AAJ: You're also compared to Debussy and Ravel. How do you feel about that?

LP: Debussy was born a hundred years before me. I think about that. And he's my man. The poor guy died just before the end of the First World War. He never got through. He was thrown out of music school; I don't know how he reacted to that, if he was upset. He was such a rebel. He set the scene for the minimalists, because he would do something [on the keyboard] and then he would just shift his hands up and do the same thing. You weren't supposed to do that; you were supposed to go from chord to chord to chord. He just shattered the whole thing. They couldn't deal with him. I don't think he minded.

AAJ: Images—let's get onto that. Did you play to images right from when you started in 2003? When did that come in?

LP: Thomas Gray was at an early concert of mine. We ended up having a conversation a couple of weeks later, and he said he was going to make some films that I could make soundtracks to. And I said, "Hmm. Really. It had never occurred to me. All along, because I'd tried to write film music and abandoned it, I was conscious of images a lot in my mind. Other people say this as well, that they write music to an invisible film in their mind.

I actually went to a boarding school in Switzerland, an English school, and I was more-or-less the only pianist, and they had a fantastic Steinway in a very large room with a huge window overlooking a valley. Why do you think I failed my A-levels? I just played the piano so much in this room with the most amazing view of clouds...and the clouds would clear and I'd see the valley. It was just incredible. And it is only really recently that I've realized that this is it again. I'm playing beneath this big screen and I'm looking up at it...It's so funny, because film makers come along and say they want to work with me and I've always said "yes —although now I'm being much more selective because I can't dilute what I'm doing. Not with Thomas Gray, but the others, there are always clouds.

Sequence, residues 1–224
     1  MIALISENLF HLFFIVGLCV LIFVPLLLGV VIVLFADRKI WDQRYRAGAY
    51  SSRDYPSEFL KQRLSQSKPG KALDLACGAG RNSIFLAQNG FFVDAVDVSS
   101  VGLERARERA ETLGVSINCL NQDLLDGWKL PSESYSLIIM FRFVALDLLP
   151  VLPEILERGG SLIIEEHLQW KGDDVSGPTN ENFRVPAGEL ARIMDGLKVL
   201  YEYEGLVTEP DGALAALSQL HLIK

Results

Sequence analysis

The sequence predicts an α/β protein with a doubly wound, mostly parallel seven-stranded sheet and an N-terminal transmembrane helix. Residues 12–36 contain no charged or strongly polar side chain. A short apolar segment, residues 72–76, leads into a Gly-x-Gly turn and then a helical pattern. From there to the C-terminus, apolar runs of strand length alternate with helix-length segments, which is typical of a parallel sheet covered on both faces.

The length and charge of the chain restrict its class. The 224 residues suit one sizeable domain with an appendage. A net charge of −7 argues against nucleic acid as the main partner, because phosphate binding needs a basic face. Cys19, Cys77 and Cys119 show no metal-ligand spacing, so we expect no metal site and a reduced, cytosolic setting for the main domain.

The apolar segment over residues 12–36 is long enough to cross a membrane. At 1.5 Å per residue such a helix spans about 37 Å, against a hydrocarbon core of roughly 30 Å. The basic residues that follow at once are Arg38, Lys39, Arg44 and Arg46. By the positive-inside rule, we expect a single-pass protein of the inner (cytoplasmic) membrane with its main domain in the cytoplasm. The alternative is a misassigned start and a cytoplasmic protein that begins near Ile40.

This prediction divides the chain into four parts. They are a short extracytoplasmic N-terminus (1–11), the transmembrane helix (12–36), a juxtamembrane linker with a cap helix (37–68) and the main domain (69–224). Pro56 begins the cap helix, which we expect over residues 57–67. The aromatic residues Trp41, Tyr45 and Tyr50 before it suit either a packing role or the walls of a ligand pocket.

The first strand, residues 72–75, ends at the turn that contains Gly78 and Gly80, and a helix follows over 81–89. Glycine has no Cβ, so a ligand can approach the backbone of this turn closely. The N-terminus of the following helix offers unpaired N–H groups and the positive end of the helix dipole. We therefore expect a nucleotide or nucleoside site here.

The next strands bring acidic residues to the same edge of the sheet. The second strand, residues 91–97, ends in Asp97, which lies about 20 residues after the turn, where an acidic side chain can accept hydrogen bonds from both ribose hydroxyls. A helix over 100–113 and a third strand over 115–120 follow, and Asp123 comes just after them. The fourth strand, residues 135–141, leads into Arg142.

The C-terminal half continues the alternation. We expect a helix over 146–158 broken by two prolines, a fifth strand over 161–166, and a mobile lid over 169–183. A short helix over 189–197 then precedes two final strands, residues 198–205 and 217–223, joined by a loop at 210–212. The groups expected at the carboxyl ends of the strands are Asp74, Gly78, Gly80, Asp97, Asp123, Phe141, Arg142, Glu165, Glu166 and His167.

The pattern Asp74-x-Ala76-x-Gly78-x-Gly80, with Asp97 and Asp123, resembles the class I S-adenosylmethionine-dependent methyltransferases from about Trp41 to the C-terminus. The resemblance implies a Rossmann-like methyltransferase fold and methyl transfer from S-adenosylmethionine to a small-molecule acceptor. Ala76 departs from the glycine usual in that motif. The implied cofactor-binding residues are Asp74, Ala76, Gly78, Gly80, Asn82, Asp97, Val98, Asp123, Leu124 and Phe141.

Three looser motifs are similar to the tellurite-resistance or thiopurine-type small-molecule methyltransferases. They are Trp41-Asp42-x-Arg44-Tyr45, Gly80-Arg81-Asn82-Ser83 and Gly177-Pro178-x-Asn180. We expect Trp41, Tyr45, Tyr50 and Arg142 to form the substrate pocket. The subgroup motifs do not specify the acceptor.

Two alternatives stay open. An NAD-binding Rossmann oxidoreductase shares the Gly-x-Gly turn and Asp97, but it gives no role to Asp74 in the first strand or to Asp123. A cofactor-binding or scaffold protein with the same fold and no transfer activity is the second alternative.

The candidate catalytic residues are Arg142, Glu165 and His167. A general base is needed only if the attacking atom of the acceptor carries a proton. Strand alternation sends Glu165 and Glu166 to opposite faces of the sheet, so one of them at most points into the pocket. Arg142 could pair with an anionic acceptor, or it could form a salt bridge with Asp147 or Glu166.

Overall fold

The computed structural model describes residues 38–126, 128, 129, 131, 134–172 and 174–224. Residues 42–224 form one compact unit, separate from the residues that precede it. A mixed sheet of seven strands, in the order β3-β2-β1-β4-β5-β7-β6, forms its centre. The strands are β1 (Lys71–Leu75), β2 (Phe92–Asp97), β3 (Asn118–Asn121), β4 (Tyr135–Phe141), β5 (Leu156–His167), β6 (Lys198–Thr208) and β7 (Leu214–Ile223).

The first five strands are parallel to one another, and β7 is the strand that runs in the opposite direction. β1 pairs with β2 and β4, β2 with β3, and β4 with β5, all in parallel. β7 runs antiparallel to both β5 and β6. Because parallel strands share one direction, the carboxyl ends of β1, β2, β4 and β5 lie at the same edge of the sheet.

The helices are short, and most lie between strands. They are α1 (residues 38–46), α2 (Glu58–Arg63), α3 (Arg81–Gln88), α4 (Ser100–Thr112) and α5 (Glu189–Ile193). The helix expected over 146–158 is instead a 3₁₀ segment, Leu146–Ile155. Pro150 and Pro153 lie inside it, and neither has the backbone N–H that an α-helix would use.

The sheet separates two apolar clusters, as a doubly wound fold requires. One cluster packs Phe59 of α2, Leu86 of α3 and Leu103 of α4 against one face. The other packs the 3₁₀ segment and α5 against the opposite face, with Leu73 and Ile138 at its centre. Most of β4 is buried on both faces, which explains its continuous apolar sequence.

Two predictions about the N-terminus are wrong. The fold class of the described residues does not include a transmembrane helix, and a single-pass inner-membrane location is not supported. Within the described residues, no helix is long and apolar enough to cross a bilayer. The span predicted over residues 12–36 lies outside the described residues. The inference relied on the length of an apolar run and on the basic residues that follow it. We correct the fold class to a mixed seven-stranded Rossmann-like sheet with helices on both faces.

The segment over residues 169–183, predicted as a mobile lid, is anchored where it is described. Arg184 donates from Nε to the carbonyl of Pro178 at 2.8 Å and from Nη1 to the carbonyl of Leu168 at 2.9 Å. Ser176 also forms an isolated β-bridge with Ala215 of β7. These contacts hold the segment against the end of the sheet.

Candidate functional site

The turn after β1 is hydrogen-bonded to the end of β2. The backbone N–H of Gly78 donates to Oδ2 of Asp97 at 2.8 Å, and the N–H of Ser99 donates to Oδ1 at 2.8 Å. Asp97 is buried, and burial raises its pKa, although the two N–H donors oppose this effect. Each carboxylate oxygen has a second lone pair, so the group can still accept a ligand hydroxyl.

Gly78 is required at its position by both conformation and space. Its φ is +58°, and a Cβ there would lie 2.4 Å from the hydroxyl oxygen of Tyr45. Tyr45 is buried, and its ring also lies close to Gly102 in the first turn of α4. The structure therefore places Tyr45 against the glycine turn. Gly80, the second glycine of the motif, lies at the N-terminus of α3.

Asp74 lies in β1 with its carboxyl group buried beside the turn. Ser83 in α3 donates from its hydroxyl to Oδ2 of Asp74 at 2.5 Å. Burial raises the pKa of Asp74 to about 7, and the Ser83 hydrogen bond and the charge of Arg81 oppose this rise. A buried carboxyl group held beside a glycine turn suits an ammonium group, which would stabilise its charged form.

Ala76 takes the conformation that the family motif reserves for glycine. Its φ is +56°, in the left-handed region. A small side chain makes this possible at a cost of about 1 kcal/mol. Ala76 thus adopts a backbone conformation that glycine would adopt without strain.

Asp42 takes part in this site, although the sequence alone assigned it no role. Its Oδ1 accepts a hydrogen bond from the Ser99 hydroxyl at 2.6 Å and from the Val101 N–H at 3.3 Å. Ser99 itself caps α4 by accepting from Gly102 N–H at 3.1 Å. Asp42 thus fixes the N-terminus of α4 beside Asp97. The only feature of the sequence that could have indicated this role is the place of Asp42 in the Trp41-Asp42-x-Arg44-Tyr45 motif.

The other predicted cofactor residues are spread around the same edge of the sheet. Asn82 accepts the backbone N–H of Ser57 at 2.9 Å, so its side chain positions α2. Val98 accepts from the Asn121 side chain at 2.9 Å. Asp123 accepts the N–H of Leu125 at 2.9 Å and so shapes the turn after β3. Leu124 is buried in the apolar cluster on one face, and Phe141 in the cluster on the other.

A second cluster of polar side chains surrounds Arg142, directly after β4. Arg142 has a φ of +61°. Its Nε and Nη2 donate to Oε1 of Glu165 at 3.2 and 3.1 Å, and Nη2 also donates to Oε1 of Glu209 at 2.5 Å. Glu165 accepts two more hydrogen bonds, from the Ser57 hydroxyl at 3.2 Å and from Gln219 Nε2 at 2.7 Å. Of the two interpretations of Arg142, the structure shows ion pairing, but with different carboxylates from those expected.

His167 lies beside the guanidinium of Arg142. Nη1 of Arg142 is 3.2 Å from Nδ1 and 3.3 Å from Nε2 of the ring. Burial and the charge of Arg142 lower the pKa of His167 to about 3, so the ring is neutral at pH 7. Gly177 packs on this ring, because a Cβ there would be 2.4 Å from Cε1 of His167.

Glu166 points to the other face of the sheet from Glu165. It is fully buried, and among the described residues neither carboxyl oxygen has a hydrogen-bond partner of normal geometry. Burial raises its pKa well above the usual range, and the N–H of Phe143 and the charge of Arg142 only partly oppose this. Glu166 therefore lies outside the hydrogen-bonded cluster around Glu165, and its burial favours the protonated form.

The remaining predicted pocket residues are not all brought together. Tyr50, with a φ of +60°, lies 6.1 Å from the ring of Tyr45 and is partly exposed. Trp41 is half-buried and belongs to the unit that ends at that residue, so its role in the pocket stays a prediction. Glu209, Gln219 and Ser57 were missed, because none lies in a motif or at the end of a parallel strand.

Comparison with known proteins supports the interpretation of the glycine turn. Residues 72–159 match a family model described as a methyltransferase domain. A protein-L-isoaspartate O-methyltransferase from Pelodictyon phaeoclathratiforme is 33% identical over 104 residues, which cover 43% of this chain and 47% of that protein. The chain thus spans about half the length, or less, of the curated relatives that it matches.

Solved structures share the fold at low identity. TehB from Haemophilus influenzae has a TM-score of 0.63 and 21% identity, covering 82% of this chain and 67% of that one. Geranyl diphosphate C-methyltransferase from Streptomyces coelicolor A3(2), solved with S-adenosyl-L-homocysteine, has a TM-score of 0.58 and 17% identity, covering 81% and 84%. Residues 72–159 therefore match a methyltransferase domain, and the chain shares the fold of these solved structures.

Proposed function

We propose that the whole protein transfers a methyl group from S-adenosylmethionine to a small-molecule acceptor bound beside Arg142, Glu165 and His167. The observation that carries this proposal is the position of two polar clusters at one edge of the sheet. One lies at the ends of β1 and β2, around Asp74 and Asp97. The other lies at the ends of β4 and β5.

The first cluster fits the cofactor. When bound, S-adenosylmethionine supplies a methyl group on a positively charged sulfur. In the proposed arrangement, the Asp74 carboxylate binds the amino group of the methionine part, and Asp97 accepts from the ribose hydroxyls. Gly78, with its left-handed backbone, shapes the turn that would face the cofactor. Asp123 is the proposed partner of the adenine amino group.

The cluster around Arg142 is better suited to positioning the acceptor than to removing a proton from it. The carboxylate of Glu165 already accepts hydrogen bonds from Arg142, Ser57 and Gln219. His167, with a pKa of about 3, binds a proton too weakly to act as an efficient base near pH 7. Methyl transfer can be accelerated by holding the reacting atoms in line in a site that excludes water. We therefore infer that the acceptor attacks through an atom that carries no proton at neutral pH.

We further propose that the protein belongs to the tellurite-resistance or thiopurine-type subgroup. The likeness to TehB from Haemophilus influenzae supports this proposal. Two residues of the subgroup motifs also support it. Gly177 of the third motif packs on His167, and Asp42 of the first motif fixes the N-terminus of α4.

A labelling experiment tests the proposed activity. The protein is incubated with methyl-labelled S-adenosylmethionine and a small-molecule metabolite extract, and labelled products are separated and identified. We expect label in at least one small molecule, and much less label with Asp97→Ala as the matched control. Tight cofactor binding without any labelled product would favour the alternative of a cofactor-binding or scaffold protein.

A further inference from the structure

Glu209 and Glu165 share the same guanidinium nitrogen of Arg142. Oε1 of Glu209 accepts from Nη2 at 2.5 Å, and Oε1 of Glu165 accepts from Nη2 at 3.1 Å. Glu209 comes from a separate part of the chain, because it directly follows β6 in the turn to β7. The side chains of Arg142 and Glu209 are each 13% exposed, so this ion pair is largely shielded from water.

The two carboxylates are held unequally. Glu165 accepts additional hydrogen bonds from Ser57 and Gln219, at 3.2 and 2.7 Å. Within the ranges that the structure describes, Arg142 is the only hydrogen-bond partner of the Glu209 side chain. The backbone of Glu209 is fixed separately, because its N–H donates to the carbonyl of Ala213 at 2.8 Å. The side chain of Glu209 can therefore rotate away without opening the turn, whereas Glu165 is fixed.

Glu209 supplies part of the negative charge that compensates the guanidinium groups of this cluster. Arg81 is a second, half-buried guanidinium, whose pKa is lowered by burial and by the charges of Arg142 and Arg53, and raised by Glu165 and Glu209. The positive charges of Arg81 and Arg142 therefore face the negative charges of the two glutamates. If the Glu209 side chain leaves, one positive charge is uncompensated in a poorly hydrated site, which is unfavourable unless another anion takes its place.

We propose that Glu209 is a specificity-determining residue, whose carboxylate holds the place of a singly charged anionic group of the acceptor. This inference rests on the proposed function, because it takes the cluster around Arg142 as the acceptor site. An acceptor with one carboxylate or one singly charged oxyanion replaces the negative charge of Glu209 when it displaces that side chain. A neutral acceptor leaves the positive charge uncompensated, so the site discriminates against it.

It's in me, this most incredible view that I had for those years, it's in me. It is the most incredible feeling. So, when Tom said that he'd do that, I was just overwhelmed. He was actually not that well known at the time. Then suddenly his career went through the roof and he was working on His Dark Materials, productions in five countries, because he got in with Stagecoach and suddenly people started booking him.

We have this project, which we are going to do, that involves filming in a place in Africa. Without a budget, he won't do it. It is something I want to get off the ground; to get investment. He's got a stage plan, a really amazing stage plan that's along the lines of Laurie Anderson but it's going to be totally different to anything. I'm going to try and make that happen this year. Those are some of the best projections I work with. But I can't keep using them. Every time I go to a new country, I do that piano suite but I can't keep using it here; if I go outside London, I'll do it. I won't do it again in London for a while.